Sunday, December 16, 2012


Below is a little something I wrote a few years ago and stumbled upon in my backup files recently. I hope you enjoy it!

There is a line that separates my house from my neighbor’s. It’s invisible, marked only by pieces of paper that declares who “owns” each side. But, on the other side of that border, past the invisible line that our neighbors go to great lengths to keep erected, is a border of a different kind. Not visible to human eyes, but there nonetheless – a silent tribute buried a couple inches under the lush green grass. A tribute that, even after all these years, I cannot forget and have not talked about until now.

On our side of the invisible border, my dad keeps the grass green and well-cropped. He’s out there every weekend, mowing at seven in the morning with the other dads in the neighborhood. While I find their dedication admirable, I often grumble about how they should find a decent hour of the day to mow – preferably after noon. My dad is almost obsessive about it, to a newer level than before we had moved into our new neighborhood – it still, to this day, puzzles me a little. It must be a guy thing.

On the other side of the invisible border, there have been many neighbors. I wonder why none of them seem to stay for too long, and it amuses me that every single family has animals. The yellow-brown spots staining the otherwise green lawn is a standing testament to that. The newest family tore down a perfectly good wooden fence in the backyard to put another, taller, thicker wood fence in its place. I think that this is so that they won’t have to talk to us – they’re a real friendly bunch…

And yet, every year the same things happen in that yard across the border. The carpet of grass becomes more and more spotted as the summer progresses. The natural spring under the house emits a constant supply of water through the ground that will, every year without fail, flood the basement – so the neighbors installed a pump that re-routes the water away from the basement. Unfortunately, it seeps down the neighborhood (which is all downhill) and kills our grass and flower gardens.

And, I can tell every stray dandelion that has never dared to stay long in our yard that they can go right back to where they came from and be welcome there. A shower of white seeds blows from that yard every year, giving me a lot of entertainment in sitting on the couch and watching my dad walk around the house, looking out the windows and muttering under his breath.

My dog likes to eat the dandelions, I have no idea why, they don’t look very tasty and she always ends up spitting them out after they’ve been completely mangled. I think she thinks she’s giving me a present because she almost always does it by my feet. Since she is always following my dad everywhere (to my amusement, she even shoves her nose into the corners of the doors when my dad is on the other side and proceeds to breath heavily, just in case he didn’t know that he locked her out of the room while he was in there), she looks out the windows with him, too. When she does this, she drools on the windows, causing my mom to walk around the house later in the day and mutter under her breath about the dog being stupid for drooling on an otherwise spotless window.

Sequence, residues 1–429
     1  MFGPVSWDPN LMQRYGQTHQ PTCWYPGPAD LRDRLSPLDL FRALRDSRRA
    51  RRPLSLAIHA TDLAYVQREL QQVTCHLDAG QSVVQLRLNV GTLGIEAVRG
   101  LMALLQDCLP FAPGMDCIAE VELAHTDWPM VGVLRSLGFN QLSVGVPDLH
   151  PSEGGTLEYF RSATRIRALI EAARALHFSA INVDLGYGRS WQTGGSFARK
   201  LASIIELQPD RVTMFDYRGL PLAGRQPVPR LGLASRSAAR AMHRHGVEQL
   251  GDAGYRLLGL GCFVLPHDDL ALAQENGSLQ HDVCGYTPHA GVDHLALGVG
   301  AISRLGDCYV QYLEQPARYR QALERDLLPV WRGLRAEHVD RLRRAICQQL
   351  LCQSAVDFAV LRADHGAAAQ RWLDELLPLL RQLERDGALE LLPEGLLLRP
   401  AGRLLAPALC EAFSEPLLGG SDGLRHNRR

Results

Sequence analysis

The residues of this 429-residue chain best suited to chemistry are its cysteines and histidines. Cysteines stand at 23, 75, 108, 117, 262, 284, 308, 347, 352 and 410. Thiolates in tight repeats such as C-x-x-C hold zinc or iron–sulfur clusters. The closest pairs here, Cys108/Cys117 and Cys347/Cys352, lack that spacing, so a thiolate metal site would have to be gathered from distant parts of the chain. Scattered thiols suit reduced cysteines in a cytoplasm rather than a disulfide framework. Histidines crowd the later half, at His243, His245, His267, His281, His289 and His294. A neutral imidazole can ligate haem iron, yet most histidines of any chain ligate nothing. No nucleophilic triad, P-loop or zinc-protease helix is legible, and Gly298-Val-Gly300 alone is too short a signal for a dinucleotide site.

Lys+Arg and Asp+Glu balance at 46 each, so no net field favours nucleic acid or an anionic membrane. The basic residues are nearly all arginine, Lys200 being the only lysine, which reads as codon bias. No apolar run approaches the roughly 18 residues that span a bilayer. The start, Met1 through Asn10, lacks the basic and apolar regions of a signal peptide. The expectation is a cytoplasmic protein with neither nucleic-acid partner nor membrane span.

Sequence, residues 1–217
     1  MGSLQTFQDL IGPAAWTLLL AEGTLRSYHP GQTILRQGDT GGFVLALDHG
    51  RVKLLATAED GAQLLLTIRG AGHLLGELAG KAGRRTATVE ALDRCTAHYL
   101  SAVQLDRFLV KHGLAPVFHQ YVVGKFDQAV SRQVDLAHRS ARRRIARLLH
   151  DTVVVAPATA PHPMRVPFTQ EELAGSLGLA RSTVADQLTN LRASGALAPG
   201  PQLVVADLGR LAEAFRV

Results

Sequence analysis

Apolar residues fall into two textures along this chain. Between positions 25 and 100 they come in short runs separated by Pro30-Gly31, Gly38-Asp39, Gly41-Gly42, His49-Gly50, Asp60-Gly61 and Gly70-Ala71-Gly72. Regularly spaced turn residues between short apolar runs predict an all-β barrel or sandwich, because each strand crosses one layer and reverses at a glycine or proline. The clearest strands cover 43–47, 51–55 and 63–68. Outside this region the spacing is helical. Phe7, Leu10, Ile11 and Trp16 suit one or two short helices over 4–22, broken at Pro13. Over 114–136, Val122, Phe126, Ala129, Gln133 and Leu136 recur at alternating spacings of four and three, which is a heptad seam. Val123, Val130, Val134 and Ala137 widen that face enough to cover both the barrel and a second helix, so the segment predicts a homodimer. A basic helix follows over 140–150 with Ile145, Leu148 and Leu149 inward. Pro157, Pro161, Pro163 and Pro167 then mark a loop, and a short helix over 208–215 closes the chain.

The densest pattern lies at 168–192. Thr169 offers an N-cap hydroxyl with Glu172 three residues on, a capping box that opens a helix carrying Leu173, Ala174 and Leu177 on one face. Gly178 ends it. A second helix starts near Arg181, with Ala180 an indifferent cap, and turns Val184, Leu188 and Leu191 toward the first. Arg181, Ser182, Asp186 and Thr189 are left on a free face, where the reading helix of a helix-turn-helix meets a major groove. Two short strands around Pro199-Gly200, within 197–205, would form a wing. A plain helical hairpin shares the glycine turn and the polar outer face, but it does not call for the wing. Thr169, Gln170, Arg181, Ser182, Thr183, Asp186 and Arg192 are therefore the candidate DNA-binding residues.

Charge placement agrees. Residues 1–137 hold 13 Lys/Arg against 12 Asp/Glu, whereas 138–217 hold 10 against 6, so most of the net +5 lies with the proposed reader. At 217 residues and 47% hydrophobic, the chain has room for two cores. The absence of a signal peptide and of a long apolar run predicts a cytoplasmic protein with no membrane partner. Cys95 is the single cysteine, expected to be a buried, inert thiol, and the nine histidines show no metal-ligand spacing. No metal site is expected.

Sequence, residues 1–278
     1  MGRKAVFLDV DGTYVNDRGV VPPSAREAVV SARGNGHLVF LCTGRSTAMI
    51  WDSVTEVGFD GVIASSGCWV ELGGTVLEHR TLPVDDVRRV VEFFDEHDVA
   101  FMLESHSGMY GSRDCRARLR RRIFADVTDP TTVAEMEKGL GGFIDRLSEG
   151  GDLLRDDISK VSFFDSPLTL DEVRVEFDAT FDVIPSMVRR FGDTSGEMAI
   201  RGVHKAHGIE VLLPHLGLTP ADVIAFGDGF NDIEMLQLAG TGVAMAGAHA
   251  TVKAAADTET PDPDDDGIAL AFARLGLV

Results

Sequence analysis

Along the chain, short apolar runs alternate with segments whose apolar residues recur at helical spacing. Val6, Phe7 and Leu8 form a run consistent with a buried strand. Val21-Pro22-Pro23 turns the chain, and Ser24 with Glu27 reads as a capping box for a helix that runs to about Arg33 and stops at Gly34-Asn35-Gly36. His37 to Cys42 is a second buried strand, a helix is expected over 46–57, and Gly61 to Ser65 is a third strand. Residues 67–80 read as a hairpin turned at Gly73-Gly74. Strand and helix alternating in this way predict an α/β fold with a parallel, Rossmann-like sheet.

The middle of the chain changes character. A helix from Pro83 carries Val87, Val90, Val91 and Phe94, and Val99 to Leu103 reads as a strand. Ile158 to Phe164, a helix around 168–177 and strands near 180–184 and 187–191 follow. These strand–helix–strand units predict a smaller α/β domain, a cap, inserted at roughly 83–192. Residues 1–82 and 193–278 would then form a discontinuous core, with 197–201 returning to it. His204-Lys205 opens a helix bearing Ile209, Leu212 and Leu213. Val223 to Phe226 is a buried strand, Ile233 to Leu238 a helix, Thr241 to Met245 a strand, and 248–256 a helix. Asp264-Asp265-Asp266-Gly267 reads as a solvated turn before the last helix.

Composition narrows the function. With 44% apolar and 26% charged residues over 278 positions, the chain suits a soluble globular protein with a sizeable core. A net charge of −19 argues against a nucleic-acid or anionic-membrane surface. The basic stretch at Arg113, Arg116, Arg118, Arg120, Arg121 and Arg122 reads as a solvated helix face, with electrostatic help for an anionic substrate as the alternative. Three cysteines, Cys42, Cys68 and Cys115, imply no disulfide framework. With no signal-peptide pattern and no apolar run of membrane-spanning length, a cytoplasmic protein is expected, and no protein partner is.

The neighbor dog doesn’t drool on their windows, and doesn’t like to eat dandelions. Instead, he likes to cross that invisible border and wander into our yard incessantly. It’s funny how the neighbors yell at us if our dog crosses that border, but never care when their dog goes into our yard.

And still I think about that invisible border that separates our two very different lives.

When I was little, I was almost painfully shy. It didn’t help that there weren’t many kids in our neighborhood yet – our house was the second house built in our cul-de-sac. The only friends I really had after we moved were my sisters and it stayed that way even after more kids moved in. Well, as kids will do when left to their own devices, we ran wild, causing our parents no end of grief and filling our days with mischief and amusement at how our parents tried so hard to keep us more “tame.” It didn’t help when my dad gave up trying to civilize us and started encouraging us instead, showing us how to catch butterflies and put toads in buckets. We even caught tadpoles once and stored them in a bucket in our garage – I lost interest in them eventually since they weren’t growing fast enough, and we finally released them in a local pond.

The little things we managed to catch – mostly moths and butterflies – we learned to be careful with. It was a hard lesson we learned one day when we found out that once you’ve touched a moth or a butterfly’s wings, they can’t fly anymore and they die. It was harder still to have to bury our now-dead catch. We created a miniature graveyard on the border of our house and the at-the-time-empty lot next to us. Dad even buried a frog there once after we found it one morning half-mangled by the trash can after we moved it. I cried for the frog until my dad explained to me that it was suffering more by being alive and that he was happier in frog heaven because he wasn’t feeling pain anymore. The word “mercy kill” was introduced into my vocabulary that day.